Australia should no longer be called the Land Down Under, though rest assured, its women still glow and its men still plunder, as the '80s song goes. Oh, do they ever plunder. A more fitting designation for the country might be the Land Down Under Par because Australia is turning out more world-class tour pros per capita than any other nation on earth. Australians have been enjoying a stunning number of g'days, mate. Surely you've noticed. ¬∂ If Steve Allan had simply bogeyed the final hole of last week's Reno-Tahoe Open, an Australian would have won for the seventh time on the PGA Tour this year. Among the victories was Adam Scott's at the prestigious Players Championship. Five Aussies rank among the top 11 money-winners on the Nationwide tour and are likely to earn PGA Tour cards for next year, although it was a less successful countryman, David Mckenzie, who finished a shot out of first last week at the Alberta Classic.
In all, 19 Australians play on the PGA Tour, and eight are among the top 60 money-winners, while at least a dozen are regulars on the European tour. Nick Flanagan, the 20-year-old 2003 U.S. Amateur champion, plays on both; he made his U.S. pro debut last week in Reno, finishing 66th. At last week's NEC Invitational 10 of the 75 starters were Australians, as are 11 of the top 100 players in the World Ranking.
It's too late to sound the alarm that the Australians are coming. They're here, and, says Craig Parry, who holed a six-iron shot from the 18th fairway to win this year's Ford Championship at Doral, "There are another 10 or 12 guys behind us who're ready to come out."
The rise of Australia, a country of only 20 million, as a golf power can be traced almost directly to Greg Norman. Not only was he the best player in the world in the late 1980s and early '90s, but he also was the most exciting and charismatic, a man whose celebrity transcended the game, and whose nickname, the Great White Shark, was as distinctly Australian as his go-for-broke style of play. Norman inspired more than one generation of players. "Greg had a great influence," says Stuart Appleby, 33, who kicked off this year's Aussie surge by winning the season-opening Mercedes Championships. "It was very, very important for kids to see someone like him playing on the world stage. He certainly drove up the numbers of those who got into golf."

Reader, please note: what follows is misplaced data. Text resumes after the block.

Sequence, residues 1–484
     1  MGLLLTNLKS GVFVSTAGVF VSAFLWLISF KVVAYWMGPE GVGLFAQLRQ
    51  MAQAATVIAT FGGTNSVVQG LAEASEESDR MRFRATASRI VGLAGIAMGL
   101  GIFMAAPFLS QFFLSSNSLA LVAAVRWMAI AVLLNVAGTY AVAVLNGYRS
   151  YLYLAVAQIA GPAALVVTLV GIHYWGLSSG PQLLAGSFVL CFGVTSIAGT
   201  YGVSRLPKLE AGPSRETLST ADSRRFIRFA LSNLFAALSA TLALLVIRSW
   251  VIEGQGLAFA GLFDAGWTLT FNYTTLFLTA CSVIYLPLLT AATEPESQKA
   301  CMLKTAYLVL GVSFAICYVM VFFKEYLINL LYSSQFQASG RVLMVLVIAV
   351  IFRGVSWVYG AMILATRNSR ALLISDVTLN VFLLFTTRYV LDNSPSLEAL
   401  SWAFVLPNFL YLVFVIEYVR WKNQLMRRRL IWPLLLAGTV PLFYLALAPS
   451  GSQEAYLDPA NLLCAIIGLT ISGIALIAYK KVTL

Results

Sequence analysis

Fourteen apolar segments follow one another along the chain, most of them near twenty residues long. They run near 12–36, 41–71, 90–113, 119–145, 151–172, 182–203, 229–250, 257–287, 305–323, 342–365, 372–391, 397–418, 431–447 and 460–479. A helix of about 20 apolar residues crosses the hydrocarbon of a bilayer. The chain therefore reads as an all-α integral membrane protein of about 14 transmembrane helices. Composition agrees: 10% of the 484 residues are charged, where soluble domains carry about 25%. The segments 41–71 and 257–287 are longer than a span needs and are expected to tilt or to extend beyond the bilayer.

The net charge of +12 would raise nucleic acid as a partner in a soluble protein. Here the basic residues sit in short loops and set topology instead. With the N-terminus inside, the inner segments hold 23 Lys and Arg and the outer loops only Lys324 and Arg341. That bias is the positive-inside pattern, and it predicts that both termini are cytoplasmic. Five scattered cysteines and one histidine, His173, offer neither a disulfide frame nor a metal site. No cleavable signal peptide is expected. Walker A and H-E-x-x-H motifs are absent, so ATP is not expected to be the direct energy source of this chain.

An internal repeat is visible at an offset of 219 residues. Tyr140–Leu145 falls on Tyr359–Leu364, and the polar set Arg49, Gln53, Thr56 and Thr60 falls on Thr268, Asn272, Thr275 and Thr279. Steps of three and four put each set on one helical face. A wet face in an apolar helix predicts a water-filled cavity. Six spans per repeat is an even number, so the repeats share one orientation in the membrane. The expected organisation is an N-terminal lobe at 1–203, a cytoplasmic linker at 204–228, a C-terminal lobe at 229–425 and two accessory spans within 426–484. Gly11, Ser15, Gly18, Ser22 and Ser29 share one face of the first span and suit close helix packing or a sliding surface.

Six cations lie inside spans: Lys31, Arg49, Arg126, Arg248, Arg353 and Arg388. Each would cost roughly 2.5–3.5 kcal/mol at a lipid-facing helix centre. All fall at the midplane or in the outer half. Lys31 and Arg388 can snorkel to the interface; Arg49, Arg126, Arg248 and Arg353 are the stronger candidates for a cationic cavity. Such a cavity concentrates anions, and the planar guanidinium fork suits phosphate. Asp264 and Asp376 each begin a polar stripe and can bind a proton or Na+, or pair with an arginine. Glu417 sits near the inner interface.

Allan, 30, a baby-faced native of Melbourne who earned exempt status on the PGA Tour for the first time last year, took up the game only after watching Norman lose a playoff to Fuzzy Zoeller in the '84 U.S. Open at Winged Foot. It's been nine years since an Australian won a major title--Steve Elkington was the last, at the 1995 PGA Championship--but that streak seems destined to end soon. Many observers feel that the player to do it will be Scott, who is Australia's top-ranked player at only 24. His ties to Norman are even more direct. He went through a junior program in Queensland started by the Greg Norman Foundation. He has even hired Norman's longtime caddie, Tony Navarro, and has closely followed the Shark's example while plotting his career.
But Australia's golf legacy is not confined to Norman. Through the years Elkington, Ian Baker-Finch, Bruce Devlin, Wayne Grady, David Graham, Kel Nagle, Norman von Nida and the legendary Peter Thomson, who won four of his five British Opens in the '50s and was runner-up three other times, have all distinguished themselves as top-flight players. What's different now is the sheer quantity of quality players Australia is producing. Today there are more than 100 Aussies playing professionally on one tour or another worldwide.
The Aussies' six PGA Tour wins this year, the most for the Australians since 1997, have underscored their depth of talent. Rod Pampling, 14th at the NEC after contending for three rounds, was largely known for leading the '99 British Open after the first round only to shoot 86 and miss the cut. So when he sank a clutch putt for eagle on the 71st hole to win the International earlier this month, he seemed something of a Cinderella story. In fact, Pampling, 34, has been playing in the U.S. for 10 years, the last five splitting time between the Nationwide and PGA tours. He was already an established veteran with a solid all-around game, and in the last two years he has won more than $2 million. "Pamps has always been a good player," says Peter Senior, a 45-year-old Australian who plays primarily in Europe. "This is simply the start for him."